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Why do rumors always spread so quickly?

We can often see rumors on the Internet, although refuting rumors is followed by great efforts, but the effect seems not ideal. It reminds me of something from my school days. From primary school to high school, there are always some rumors about a certain girl in the class, nothing more than ignorant feelings. Many years later, these rumors become fodder for viewers to reminisce about their youth, and all the while, no one cares whether the stories are true or false, who started them, or whether the protagonists in the vortex were injured.
Why do rumors always win people’s trust so easily, spread so quickly and lastingly?
One reason is that rumors are often fabricated with realistic details, dramatic plots and expectations, which satisfy people’s need to eat melons. It’s like when we see bizarre social news or outrageous movie plots, we can’t help but feel a burning desire to share. Rumors cater to people’s sympathy, catharsis and conformity in the process of spreading. This conclusion is backed up by research by MIT professor Surush, who argues that people naturally have a tendency to spread news that is more sensational and embellished, and that is more in tune with a new mindset.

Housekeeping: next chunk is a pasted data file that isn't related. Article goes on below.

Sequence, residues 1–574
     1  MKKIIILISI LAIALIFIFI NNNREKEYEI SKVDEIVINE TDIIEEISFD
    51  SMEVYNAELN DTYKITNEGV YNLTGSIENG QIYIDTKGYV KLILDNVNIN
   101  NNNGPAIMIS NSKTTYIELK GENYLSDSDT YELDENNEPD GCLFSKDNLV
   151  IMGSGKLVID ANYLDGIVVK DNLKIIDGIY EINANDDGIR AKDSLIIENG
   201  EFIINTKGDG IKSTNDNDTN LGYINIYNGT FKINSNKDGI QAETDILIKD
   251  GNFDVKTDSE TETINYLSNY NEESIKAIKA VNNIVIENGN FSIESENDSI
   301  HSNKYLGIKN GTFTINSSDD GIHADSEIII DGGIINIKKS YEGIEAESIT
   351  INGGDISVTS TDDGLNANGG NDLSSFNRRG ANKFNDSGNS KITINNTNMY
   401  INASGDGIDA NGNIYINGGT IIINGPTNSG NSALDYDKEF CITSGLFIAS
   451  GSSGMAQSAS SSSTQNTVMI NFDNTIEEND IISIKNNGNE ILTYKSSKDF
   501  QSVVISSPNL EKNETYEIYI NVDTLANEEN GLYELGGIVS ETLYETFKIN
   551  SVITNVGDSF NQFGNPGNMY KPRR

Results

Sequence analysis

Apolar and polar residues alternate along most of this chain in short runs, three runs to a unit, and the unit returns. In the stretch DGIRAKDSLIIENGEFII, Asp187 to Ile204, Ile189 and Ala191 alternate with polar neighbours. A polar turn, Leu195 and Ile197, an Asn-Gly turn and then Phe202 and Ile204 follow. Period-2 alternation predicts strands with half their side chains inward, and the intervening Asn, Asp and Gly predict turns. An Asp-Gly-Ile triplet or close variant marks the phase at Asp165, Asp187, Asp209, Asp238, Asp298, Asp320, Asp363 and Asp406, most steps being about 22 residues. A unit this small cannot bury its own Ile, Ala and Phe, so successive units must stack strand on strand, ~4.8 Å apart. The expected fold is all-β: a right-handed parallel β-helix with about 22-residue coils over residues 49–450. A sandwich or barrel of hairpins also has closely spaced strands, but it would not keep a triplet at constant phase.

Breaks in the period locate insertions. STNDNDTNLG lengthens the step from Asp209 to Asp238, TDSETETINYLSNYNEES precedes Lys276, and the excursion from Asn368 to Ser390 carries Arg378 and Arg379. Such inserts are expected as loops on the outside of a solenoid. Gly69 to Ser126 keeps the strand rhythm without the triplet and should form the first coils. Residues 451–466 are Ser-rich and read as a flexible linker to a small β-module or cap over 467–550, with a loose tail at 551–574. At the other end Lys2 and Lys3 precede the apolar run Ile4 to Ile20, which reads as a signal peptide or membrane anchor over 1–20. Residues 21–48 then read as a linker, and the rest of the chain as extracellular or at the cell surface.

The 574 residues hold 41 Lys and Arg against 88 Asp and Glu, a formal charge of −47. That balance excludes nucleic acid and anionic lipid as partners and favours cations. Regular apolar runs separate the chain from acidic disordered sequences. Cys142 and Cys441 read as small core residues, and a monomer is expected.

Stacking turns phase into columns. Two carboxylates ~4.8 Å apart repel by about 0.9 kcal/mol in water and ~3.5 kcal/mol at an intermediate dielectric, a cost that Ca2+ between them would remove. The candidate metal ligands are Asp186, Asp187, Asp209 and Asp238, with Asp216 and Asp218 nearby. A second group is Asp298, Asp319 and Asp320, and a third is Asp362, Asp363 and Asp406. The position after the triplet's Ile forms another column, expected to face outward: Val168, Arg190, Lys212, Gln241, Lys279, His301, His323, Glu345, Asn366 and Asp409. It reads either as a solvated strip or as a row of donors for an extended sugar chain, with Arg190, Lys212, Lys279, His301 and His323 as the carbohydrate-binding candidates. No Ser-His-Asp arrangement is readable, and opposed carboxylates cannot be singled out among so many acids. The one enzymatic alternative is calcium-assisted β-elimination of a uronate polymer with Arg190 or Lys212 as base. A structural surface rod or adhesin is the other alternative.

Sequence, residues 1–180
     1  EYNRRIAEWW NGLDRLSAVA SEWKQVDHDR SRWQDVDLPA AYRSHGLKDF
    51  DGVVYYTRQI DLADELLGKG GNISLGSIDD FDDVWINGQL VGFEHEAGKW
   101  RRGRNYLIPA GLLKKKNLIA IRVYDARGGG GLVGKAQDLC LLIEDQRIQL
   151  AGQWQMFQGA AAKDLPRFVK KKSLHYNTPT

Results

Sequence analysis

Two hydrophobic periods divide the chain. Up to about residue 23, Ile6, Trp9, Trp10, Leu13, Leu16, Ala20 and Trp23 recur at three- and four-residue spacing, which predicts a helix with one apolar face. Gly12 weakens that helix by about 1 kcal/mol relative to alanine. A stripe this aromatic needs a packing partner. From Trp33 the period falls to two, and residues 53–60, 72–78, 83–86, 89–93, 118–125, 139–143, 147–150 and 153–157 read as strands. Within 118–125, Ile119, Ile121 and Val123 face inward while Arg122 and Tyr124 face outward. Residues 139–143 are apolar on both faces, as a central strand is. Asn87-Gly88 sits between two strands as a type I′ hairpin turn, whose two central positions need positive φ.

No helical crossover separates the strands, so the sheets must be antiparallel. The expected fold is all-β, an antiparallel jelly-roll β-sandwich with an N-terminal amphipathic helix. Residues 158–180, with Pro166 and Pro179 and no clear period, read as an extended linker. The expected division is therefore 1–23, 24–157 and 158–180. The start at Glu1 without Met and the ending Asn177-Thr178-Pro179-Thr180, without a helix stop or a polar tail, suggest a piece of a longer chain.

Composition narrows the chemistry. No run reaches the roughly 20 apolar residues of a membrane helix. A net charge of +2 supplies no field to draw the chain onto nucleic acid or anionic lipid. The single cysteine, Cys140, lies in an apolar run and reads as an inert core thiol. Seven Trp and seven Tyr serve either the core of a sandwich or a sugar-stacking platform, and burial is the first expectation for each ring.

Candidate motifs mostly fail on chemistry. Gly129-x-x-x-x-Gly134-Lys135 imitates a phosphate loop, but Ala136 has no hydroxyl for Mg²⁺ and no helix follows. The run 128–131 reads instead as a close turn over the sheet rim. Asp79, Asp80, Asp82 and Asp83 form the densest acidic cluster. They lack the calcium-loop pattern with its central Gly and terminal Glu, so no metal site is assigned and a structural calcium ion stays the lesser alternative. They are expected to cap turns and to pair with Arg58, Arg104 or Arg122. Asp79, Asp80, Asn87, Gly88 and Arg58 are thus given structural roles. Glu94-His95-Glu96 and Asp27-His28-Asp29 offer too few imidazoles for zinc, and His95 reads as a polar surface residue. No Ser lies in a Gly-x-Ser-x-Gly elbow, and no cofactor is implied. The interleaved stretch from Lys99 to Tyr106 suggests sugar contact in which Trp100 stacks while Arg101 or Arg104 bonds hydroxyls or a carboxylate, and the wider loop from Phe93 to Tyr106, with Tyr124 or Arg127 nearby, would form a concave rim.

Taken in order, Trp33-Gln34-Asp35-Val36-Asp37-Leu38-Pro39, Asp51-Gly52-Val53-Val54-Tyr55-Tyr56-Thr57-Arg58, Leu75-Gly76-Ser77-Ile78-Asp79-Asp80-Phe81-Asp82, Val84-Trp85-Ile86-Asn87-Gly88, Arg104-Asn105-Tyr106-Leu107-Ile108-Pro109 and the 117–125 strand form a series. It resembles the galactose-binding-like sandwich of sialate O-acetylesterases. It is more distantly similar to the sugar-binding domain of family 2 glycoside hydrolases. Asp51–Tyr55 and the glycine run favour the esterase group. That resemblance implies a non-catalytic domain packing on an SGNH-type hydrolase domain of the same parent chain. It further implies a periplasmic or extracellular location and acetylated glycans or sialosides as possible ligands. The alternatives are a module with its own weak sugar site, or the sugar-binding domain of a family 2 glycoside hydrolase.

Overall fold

Another reason is that our brains have a preference for negative information, and we become more sensitive and emotional in the face of negative information as a self-protective mechanism. According to Maslow’s hierarchy of needs, people’s safety needs come first.
The “2012 doomsday” rumor is a classic example. At that time, in order to survive the arrival of the “doomsday”, American Robert Vicino built a doomsday castle in the desert area near California, known as the Earth’s “Noah’s Ark”. Each room requires a minimum rent of $50,000 to stay, which is not cheap, but many people scramble to give money away to save their lives. In life, elders often forward health rumors in the circle of friends for similar reasons.
Every time a breaking news item hits the trending search, a large number of rumors are spawned and spread quickly on the Internet. Although the authorities are quick to dispel rumors, rumors can spread like wildfire. A study by a team of scientists at MIT’s Social Machines Lab, published in the journal Science, confirms that fake news stories are about 70% more likely to be forwarded than true ones. This statistic corresponds to Mark Twain’s statement that “a lie can travel halfway around the world while the truth is still putting on its shoes.”
But did it ever occur to you that we might be the ones who started the rumor? As Allport said, “Every rumor has an audience.” If we could think more independently, listen less and believe less, would rumors be fewer and spread more slowly?

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